Look, I struggle with this. I hate to be criticized. I am just the tiniest bit more sensitive than the average bear. And yet, I’m a writer, so I periodically put my work out there, and sometimes like all writers, I get terrible reviews, so personal in nature that they leave me panting. Even with a Facebook post … do you have any idea what it’s like to get 500-plus negative attacks, on my character, from truly bizarre strangers.

Really, it’s not ideal.

Yet, I get to tell my truth. I get to seek meaning and realization. I get to live fully, wildly, imperfectly. That’s why I’m alive. And all I actually have to offer as a writer, is my version of life. Every single thing that has happened to me is mine. As I’ve said a hundred times, if people wanted me to write more warmly about them, they should have behaved better.

She reminds us that we don’t find time for what matters, we make time — and the priorities we set define our destiny:

Is it okay with you that you blow off your writing, or whatever your creative/spiritual calling, because your priority is to go to the gym or do yoga five days a week? Would you give us one of those days back, to play or study poetry? To have an awakening? Have you asked yourself lately, “How alive am I willing to be?” It’s all going very quickly. It’s mid-May, for God’s sake. Who knew. I thought it was late February.

It’s time to get serious about joy and fulfillment, work on our books, songs, dances, gardens. But perfectionism is always lurking nearby, like the demonic prowling lion in the Old Testament, waiting to pounce. It will convince you that your work-in-progress is not great, and that you may never get published. (Wait, forget the prowling satanic lion — your parents, living or dead, almost just as loudly either way, and your aunt Beth, and your passive-aggressive friends, whom we all think you should ditch, are going to ask, “Oh, you’re writing again? That’s nice. Do you have an agent?”)

She reminds us, too, of something that Debbie Millman articulated beautifully in her 2013 commencement address, advising aspiring creators: “Imagine immensities, don’t compromise, and don’t waste time. Start now. Not 20 years from now, not two weeks from now. Now.” Lamott echoes this sentiment with exquisite, poetic rawness:

Oh my God, what if you wake up some day, and you’re 65, or 75, and you never got your memoir or novel written; or you didn’t go swimming in warm pools and oceans all those years because your thighs were jiggly and you had a nice big comfortable tummy; or you were just so strung out on perfectionism and people-pleasing that you forgot to have a big juicy creative life, of imagination and radical silliness and staring off into space like when you were a kid? It’s going to break your heart. Don’t let this happen. Repent just means to change direction — and NOT to be said by someone who is waggling their forefinger at you. Repentance is a blessing. Pick a new direction, one you wouldn’t mind ending up at, and aim for that. Shoot the moon.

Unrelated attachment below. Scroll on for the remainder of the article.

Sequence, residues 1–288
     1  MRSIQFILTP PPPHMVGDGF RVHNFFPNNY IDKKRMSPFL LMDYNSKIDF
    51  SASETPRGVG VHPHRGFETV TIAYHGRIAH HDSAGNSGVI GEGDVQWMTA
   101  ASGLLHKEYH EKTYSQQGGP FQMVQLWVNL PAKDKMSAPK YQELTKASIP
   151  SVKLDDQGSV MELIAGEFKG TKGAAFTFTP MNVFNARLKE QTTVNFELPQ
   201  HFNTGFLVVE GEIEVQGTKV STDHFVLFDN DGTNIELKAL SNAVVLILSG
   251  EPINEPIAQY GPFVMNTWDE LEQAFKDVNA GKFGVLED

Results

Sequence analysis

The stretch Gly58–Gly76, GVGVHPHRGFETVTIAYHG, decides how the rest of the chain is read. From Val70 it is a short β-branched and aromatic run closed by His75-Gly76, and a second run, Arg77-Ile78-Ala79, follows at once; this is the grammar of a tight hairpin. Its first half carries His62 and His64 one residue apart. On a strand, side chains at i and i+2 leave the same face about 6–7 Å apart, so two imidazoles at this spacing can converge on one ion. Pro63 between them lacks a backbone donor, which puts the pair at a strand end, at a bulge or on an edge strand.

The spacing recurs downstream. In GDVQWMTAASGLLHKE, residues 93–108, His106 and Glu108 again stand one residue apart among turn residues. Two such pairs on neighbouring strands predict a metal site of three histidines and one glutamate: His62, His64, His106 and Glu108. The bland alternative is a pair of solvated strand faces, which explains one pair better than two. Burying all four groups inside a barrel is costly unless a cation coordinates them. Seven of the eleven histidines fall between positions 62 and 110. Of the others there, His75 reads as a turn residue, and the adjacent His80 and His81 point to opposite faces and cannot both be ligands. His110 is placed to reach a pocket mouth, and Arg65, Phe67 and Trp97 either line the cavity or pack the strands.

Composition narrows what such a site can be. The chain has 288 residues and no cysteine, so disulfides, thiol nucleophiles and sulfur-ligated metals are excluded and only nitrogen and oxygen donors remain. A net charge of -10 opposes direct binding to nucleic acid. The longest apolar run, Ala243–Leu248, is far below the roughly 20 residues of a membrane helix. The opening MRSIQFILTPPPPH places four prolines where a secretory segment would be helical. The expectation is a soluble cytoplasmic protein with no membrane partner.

Echoing Neil Gaiman, who counseled young artists to “make glorious, amazing mistakes,” Lamott concludes with a recipe for an antidote — the only real antidote — to perfectionism:

Here’s how to break through the perfectionism: make a LOT of mistakes. Fall on your butt more often. Waste more paper, printing out your shitty first drafts, and maybe send a check to the Sierra Club. Celebrate messes — these are where the goods are. Put something on the calendar that you know you’ll be terrible at, like dance lessons, or a meditation retreat, or boot camp. Find a writing partner, who will help you with your work, by reading it for you, and telling you the truth about it, with respect, to help you make it better and better; for whom you will do the same thing. Find someone who wants to steal his or her life back, too. Now; today. One wild and crazy thing: wears shorts out in public if it is hot, even if your legs are milky white or heavy. Go to a poetry slam. Go to open mike,and read the story you wrote about the hilariously god-awful family reunion, with a trusted friend, even though it could be better, and would hurt Uncle Ed’s feelings if he read it, which he isn’t going to.

Change his name and hair color — he won’t even recognize himself.

At work, you begin to fulfill your artistic destiny. Wow! A reviewer may hate your style, or newspapers may neglect you, or 500 people may tell you that you are bitter, delusional and boring.

Let me ask you this: in the big juicy Zorba scheme of things, who fucking cares?

(Or, as I wrote some time ago in reflecting on my learnings from seven years of doing this: “When people try to tell you who you are, don’t believe them. You are the only custodian of your own integrity, and the assumptions made by those that misunderstand who you are and what you stand for reveal a great deal about them and absolutely nothing about you.”)

Lamott is truly a mystic of the written word and of the human soul. Treat yourself to Bird by Bird for closer communion with her singular spirit, then revisit Benjamin Franklin’s trick for handling haters, Vi Hart on how to tame the trolls, and Daniel Dennett on how to criticize with kindness.